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The History of Glasgow
Chapter XXXVI - The River Clyde and Foreign Trade—The Elphinstones in Glasgow—Election of Bailies and other Officers in Burghs

IN conformity with earlier usage a statute of James II., passed in 1457, ordains that sailors engaged in merchandise should be freemen of burghs and indwellers within the burgh; and by an Act passed in the reign of James III., on 31st January, 1466-7, it is more specifically provided that none of the king's lieges should sail or pass with merchandise for trading purposes, furth of the realm, except freemen of the merchant class dwelling within burgh. But stringent conditions were imposed with the view of ensuring that those engaged in foreign trade should be financially able to implement their engagements. [Ancient Laws and Customs, ii. pp. 26, 30, 31.] Though the Scottish shipping ports at this time were still chiefly on the east coast and the trade with Flanders was far in advance of that in any other quarter, some share of shipping activity was manifesting itself in the Clyde estuary before the end of James the Third's reign. This is shown by a Precept of James IV., in 1490, whereby he confirmed an undated decree by the Privy Council, in his father's time, ordaining that all manner of ships, strangers and others, should come to the king's free burghs, such as Dumbarton, Glasgow, Ayr, Irvine, Wigtown, Kirkcudbright and Renfrew, and there make merchandise, strangers being

required to buy merchandise only at free burghs, and to pay their duties and customs there. [Lanark and Renfrew, pp. 188-9; Glasg. Chart. i. pt. ii. pp. 87-88.]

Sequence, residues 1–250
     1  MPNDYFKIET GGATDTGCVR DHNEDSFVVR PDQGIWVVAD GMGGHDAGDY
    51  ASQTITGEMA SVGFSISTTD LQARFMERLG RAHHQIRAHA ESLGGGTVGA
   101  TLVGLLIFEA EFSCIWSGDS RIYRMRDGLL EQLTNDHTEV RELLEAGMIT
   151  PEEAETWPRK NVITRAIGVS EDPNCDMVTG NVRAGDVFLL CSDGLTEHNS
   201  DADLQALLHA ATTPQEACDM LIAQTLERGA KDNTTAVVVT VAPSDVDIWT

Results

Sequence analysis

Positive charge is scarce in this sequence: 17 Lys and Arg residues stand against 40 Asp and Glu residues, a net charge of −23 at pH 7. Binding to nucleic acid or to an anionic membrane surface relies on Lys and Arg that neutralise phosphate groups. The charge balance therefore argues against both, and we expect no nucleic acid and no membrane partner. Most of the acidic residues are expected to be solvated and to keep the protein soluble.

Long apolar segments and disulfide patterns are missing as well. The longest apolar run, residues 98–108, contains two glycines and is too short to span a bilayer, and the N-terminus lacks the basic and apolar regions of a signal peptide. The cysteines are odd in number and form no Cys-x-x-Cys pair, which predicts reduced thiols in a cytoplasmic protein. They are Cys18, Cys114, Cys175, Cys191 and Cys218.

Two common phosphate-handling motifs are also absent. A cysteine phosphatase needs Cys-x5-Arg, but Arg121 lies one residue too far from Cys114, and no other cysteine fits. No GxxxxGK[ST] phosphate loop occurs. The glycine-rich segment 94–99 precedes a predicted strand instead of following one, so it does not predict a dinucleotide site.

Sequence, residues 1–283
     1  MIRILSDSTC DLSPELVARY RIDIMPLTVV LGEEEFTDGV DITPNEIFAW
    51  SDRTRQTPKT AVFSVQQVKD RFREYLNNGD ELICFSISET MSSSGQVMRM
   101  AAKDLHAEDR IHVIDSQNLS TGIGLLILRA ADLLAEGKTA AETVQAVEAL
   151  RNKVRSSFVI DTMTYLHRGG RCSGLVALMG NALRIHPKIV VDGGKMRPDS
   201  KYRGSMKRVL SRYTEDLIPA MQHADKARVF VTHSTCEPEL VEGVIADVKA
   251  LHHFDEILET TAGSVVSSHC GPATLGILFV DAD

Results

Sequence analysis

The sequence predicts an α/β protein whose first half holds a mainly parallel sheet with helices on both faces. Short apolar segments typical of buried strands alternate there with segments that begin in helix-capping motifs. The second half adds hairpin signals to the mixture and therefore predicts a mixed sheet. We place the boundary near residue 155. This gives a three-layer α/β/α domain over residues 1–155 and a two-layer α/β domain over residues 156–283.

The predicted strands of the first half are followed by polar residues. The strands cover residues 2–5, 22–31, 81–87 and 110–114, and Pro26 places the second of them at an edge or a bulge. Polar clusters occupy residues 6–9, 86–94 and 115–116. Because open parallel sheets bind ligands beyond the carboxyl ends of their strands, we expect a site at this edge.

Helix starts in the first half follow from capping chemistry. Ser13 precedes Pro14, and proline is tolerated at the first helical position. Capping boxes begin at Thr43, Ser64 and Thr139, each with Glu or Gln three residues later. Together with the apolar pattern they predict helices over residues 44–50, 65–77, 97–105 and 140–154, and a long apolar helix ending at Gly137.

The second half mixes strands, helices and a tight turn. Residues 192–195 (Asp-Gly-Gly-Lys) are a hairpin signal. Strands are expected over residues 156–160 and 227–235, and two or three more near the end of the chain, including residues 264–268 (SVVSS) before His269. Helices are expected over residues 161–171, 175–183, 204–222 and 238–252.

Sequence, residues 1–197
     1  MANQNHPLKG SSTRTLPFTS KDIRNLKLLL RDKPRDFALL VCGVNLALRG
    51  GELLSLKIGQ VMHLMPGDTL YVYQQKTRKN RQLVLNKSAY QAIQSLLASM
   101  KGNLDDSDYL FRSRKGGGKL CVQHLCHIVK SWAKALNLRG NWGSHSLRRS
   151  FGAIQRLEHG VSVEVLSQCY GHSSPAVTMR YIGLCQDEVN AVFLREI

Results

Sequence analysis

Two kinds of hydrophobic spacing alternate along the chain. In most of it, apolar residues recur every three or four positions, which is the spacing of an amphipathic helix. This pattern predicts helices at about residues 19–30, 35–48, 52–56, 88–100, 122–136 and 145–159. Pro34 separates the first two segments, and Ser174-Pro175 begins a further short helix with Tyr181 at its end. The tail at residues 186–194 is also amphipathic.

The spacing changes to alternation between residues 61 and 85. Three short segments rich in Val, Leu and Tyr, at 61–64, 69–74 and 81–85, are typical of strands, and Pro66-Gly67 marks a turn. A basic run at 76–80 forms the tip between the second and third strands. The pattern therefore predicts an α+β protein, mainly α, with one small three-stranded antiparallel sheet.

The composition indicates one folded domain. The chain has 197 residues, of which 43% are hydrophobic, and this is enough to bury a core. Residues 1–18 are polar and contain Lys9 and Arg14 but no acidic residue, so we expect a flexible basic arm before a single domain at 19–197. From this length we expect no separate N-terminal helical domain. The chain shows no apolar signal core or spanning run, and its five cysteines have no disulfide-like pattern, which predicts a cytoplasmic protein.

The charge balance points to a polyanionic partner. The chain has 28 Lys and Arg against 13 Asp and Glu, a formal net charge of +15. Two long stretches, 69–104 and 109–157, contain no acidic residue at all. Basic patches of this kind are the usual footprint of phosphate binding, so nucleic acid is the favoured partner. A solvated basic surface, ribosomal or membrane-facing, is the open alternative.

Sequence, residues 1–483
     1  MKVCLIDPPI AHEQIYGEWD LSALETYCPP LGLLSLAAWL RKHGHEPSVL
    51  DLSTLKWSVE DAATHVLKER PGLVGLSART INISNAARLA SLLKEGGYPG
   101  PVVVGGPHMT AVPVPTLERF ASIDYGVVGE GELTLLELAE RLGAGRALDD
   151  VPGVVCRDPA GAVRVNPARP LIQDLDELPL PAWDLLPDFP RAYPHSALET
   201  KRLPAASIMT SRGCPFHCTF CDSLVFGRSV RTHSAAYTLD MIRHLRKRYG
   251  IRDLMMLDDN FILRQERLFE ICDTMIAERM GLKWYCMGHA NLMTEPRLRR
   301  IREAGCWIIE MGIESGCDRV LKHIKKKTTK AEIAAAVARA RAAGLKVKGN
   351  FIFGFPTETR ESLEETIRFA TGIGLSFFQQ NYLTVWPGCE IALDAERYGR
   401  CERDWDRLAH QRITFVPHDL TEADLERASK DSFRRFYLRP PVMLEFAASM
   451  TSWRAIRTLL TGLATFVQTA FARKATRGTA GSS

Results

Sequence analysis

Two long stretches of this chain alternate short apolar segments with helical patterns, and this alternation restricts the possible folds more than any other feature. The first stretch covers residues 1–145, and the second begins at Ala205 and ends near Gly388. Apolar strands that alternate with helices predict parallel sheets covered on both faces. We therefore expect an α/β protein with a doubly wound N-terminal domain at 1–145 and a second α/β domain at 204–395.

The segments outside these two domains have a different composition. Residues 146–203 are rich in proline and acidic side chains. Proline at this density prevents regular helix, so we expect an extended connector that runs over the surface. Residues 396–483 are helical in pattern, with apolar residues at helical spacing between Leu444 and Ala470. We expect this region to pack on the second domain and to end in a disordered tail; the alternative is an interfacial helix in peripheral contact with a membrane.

Notwithstanding its inland position and the incommodious state of the river for miles below its site, [The unnavigable condition of the river Clyde at Glasgow is shown by the provisions of an agreement dated 14th May, 1507, whereby Thomas Tayt, burgess of Ayr, sold to the archbishop a quantity of lead, part of which he undertook to deliver either at the burgh of Renfrew, or at the shallow of Govan if his ship could be conveniently brought to the latter place (Diocesan Reg. Prot. No. 233). The editors of the Register suggest that the lead may have been destined for the south transept of the Cathedral which the archbishop began but did not live to complete (Ibid. i. p. 16).] Glasgow was not content to confine its seaward enterprise to traffic in salmon and herrings, but was ready to compete with its neighbours for a share of foreign trade. With four burghs having an interest in the narrow part of the river between Rutherglen and the eastern bounds of Dumbarton there was need for careful diplomacy if seaboard advantages were to be equally distributed, and a few isolated particulars of such negotiations have been preserved. The liberties of the burgh of Renfrew, embracing its shire, took in both sides of the river, and accordingly between it and Dumbarton arrangements connected with both land and water required consideration. To provide for the settlement of questions likely to arise, twelve representatives from each burgh met in the kirk of St. Patrick (Kilpatrick), on 29th August, 1424, and resolved that for the maintenance of friendship, six persons from each burgh, making twelve in all, with an oversman to be chosen alternately by the one and the other, should decide all complaints that might be made. Anything that might happen, either by sea or land, which it was not in the power of this body to determine, was to be referred to the quartet where the earliest competent decision could be got. It was also agreed that no one in the burghs should forestall or buy within the shire or freedom of the other without obtaining the requisite permission, but that all should intercommune with each other within their burghs to buy and sell freely and in good neighbourhood. Five years later questions arose between the burghs as to certain freedoms and fishings, and these were settled by an assize which met at Glasgow on 22nd November, 1429, in presence of the great chamberlain of Scotland, who pronounced his decree on 3rd January, thereafter. Renfrew was found to be in possession of fishings called the Sandorde and of the midstream of the Water of Clyde, and also to have the custom and anchorage of the river to a place called the Blackstane. Below that point the profit was to be divided between the burghs. [Lanark and Renfrew, pp. 282-4.]